I am charging a battery using constant current. This battery can have voltages from 2.5V to 3.6V. I have characterised the battery, as in found the voltage Vs SOC (state of charge) for the battery. There is only 1 problem. Internal resistance of batteries.
If you charge the battery up to 3.6V, you will loose some volts to the internal resistance, in my case this goes down to 3.4V. Then for some reason, when I discharge the battery to 2.5V and then begin to charge it, it immediately rises to 2.9V.
My data suggests that chagrining the battery from 2.5 to 3.6V results in 100% state of charge. ie 2.5V is 0% SOC and 3.6 SOC.
When charging, the range is 2.9-3.6V which would imply 2.9 = 0% SOC, 3.6V = 100% SOC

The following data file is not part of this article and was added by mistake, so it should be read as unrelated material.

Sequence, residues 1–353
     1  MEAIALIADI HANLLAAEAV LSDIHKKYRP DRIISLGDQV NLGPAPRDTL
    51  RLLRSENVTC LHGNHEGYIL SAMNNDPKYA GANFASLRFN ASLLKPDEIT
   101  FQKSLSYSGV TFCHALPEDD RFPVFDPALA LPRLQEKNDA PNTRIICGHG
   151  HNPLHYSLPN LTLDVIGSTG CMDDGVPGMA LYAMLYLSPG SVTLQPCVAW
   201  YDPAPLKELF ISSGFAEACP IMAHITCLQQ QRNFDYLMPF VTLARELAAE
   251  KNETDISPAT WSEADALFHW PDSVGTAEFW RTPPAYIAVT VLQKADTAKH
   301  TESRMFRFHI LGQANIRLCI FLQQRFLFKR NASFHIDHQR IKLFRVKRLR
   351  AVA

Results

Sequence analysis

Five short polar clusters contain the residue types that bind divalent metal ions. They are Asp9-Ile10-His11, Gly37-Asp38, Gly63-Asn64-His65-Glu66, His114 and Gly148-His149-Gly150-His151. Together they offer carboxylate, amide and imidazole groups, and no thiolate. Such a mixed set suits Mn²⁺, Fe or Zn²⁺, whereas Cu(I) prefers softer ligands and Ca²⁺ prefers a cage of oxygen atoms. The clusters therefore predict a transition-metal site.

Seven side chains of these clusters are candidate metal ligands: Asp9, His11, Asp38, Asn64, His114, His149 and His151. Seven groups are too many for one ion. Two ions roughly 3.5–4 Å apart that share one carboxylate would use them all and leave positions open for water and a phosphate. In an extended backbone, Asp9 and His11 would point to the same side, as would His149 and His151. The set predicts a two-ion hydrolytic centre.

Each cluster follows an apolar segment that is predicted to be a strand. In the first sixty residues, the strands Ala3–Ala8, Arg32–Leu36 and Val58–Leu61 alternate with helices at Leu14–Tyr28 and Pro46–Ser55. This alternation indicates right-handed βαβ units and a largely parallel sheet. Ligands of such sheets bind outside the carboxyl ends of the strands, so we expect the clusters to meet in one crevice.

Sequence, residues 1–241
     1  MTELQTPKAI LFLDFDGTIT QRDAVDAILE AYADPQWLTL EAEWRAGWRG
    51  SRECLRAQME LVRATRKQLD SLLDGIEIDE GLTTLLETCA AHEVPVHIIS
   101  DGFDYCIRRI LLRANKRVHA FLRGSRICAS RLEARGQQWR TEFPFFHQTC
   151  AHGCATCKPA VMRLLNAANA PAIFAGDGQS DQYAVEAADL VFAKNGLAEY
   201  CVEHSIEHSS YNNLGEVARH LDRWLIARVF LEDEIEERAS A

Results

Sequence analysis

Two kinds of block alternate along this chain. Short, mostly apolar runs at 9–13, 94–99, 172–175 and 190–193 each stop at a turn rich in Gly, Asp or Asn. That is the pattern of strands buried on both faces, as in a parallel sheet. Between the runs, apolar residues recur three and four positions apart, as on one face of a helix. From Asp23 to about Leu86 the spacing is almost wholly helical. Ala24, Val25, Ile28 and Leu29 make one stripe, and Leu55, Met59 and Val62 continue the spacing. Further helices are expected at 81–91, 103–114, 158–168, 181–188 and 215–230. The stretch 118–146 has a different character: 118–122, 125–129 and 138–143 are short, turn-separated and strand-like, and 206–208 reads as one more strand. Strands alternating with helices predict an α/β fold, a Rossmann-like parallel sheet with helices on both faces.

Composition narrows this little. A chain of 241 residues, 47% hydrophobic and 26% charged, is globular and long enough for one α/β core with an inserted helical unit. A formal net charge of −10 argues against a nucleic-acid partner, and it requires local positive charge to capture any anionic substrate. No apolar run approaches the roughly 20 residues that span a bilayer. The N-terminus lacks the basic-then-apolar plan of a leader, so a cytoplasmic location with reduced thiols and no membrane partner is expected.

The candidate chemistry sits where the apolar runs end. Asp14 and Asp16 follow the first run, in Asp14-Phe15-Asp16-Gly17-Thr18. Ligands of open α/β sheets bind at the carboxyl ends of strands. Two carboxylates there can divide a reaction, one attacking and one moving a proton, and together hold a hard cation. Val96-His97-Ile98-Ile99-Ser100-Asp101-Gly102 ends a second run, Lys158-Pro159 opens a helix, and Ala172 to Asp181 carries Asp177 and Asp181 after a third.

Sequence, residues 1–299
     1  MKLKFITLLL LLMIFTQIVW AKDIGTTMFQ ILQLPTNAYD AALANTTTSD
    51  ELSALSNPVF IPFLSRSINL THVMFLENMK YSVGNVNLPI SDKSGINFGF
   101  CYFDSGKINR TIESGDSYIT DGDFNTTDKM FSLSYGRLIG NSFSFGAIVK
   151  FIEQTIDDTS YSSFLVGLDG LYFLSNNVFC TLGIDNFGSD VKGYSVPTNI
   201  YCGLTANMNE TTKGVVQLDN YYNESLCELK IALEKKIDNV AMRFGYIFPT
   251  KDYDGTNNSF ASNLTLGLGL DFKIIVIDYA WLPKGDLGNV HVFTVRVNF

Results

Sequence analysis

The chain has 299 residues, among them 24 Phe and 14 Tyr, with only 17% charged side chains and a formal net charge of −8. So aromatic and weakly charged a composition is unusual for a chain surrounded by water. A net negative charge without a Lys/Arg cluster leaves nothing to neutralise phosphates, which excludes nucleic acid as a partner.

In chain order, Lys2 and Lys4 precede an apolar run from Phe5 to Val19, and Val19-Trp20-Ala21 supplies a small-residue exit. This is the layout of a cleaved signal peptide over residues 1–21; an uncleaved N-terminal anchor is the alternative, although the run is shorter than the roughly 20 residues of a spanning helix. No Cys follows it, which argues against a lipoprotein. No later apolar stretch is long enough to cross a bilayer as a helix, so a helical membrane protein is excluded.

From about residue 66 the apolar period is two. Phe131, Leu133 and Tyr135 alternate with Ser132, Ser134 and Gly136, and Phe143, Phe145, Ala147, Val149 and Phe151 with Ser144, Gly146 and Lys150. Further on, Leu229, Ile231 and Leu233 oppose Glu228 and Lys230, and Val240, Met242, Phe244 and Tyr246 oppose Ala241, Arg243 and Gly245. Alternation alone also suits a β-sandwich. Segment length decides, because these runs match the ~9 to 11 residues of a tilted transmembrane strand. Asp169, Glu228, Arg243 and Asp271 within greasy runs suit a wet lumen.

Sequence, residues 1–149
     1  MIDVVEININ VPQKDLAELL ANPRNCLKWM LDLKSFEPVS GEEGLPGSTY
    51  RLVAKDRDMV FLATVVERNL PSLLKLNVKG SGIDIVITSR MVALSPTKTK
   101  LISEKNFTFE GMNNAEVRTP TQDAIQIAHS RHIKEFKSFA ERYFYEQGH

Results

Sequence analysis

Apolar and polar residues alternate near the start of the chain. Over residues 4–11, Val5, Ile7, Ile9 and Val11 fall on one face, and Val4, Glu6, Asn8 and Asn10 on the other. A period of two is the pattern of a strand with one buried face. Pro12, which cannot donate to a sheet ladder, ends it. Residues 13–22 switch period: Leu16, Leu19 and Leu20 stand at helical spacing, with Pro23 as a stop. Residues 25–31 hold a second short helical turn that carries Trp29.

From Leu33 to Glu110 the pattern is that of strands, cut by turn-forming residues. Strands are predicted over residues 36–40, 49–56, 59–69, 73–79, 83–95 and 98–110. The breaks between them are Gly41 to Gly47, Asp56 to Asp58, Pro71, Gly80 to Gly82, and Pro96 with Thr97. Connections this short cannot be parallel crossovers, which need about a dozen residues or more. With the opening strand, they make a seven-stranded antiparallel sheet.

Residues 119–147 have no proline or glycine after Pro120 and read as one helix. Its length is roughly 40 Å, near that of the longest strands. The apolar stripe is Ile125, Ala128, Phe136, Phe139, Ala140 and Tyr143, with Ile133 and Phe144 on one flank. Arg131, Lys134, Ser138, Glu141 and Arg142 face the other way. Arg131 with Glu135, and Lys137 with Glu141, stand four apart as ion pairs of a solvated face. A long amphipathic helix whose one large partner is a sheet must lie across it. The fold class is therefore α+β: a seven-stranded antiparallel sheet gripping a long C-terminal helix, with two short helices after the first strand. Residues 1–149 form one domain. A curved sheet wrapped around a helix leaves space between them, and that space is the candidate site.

When discharging, the range is 2.5-3.4V which would imply 2.5V = 0% SOC, 3.4V = 100% SOC
I know that some people will suggest that you must charge the batteries using constant voltage such that you could "fully" charge the battery say after 3.6V. The problem with this is that the batteries are charged using PV cells which means I am employing an MPPT algorithm to adjust the voltage to deliver the most power to the batteries so this is not an option.
How exactly can I overcome this problem? How do I properly change the look up table to accurately estimate the SOC and account for the internal resistance?